Famous Violinist Delight with Haunting Melodies

EMU music faculty Anne Waltner, pianist, was honored to share a stage with acclaimed violinist Amelia Chan, concertmaster of the West Virginia Symphony Orchestra. The duo performed at 7:30 p.m. last Saturday in Martin Chapel.

Because of traveling troubles, Chan was unable to come on Wednesday as planned, but managed to arrive Friday evening, giving them time for a short practice together before the performance after being, as Chan put it, “robbed of a lot of rehearsal time.”

The program opened with Chan and Waltner playing Fritz Kreisler’s Praeludium and Allegro, a short, energy-filled piece published in 1905 for violin and piano. Violinist and part-time violin teacher Meg Miller, 2013 EMU alumna, said that this was her favorite piece.

The second piece was Gabriel Faure’s Sonata in A major, Op. 13. It was composed in the 1870s, linking the end of the romantic period of music with the beginning of the modern period. Because of this, most of it featured a calmer, melodic style. However, the third movement, a scherzo called “Allegro vivo,” was particularly attention- catching, both beginning and ending with fast, light notes played by the violin.

After the intermission, Chan performed Eugene Ysaye’s Sonata for Solo Violin, Op. 27, No. 2, composed in the style of early twentieth century music. She played the difficult piece masterfully, with tuned double-stops and haunting melodies.

The last piece was Russian composer Sergei Prokofiev’s Sonata in D major, Op. 94, written in 1943 with a classical design. Joan Griffing, EMUMusic Dept. chair, said that she especially enjoyed this piece. “The work is full of soaring melodies, personality, grit, and humor. It’s very Russian—just what I was in the mood for, because the Olympics are taking place in Sochi, Russia right now.”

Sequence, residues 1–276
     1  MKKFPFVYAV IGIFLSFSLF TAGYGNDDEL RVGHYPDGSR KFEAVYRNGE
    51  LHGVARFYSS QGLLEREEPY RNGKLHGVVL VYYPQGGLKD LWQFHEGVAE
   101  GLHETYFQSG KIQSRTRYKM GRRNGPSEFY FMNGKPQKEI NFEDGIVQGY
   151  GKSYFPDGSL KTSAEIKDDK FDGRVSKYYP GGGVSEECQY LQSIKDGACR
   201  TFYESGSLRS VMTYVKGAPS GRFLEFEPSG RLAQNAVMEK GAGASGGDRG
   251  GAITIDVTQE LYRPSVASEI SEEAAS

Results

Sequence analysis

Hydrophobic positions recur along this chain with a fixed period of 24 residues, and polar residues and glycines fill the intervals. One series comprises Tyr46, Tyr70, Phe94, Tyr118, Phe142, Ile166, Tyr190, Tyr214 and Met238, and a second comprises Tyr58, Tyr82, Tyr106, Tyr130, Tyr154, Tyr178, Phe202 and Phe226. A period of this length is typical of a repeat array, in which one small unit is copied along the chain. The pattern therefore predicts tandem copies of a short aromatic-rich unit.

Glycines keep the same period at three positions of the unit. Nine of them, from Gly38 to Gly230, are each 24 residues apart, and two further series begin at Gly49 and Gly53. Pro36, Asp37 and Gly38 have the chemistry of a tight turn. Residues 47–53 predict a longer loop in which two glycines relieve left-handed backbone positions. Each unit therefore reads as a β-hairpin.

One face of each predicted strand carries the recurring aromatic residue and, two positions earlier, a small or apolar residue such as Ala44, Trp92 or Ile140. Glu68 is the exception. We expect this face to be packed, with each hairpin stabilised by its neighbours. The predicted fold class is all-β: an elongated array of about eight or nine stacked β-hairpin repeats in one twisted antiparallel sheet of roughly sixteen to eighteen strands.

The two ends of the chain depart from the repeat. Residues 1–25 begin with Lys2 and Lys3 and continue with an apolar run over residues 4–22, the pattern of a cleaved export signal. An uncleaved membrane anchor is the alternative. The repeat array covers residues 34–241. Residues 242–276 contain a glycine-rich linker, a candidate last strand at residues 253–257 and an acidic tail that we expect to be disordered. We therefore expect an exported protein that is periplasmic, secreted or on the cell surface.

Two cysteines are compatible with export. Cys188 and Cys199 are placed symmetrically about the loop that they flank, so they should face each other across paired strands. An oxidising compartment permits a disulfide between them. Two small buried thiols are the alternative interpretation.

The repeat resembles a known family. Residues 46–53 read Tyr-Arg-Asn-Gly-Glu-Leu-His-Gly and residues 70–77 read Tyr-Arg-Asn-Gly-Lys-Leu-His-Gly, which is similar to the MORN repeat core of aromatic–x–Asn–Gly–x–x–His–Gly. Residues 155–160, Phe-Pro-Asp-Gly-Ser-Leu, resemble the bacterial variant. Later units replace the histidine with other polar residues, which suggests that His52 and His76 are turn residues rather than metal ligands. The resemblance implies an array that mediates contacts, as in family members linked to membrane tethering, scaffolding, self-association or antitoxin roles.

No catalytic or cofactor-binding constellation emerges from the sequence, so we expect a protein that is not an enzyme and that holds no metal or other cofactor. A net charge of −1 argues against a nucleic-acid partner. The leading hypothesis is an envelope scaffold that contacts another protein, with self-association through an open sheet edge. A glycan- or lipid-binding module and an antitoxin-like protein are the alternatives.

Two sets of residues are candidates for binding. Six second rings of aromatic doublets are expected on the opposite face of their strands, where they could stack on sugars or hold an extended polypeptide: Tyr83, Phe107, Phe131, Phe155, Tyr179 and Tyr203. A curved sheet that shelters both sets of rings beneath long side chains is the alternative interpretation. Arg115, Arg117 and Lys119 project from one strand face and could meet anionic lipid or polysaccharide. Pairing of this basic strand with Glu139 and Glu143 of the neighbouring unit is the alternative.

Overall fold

Overall, the audience considered the concert a joy both to watch and listen to. Both Waltner and Chan played with great feeling and enthusiasm that was apparent not only through their movements, but also through their sound.

Sophomore Valerie Meza-Cooper said that “just by listening to them, even without looking at their performance, I could picture everything.” Chan further interested the audience by reading her music from an iPad on her music stand and then pressing a pedal with her foot to turn the pages.

This being Waltner’s first year here at EMU, Meg Miller said, “It’s great to hear Anne perform. She and the violinist make a great pair.” Senior Katie Miller added, “It was evident that both Anne and Amelia understood the char- acter of the music at every moment. Their interpretation was captivating.”

Waltner also shared about what it was like to work with someone like Chan. “Conceptually, I understand that tennis players don’t improve by playing opponents at or below their level. The same is true for musicians. I’m a better musician for having worked with Amelia.”

According to Waltner, It was truly a special occasion for EMU to have a violinist like Chan come to play in a faculty recital.

Waltner told the audience, “I can’t overstate what an honor it is for such an amazing caliber musician to grace our stage.”

-Jacinda Stahly, Copy Editor


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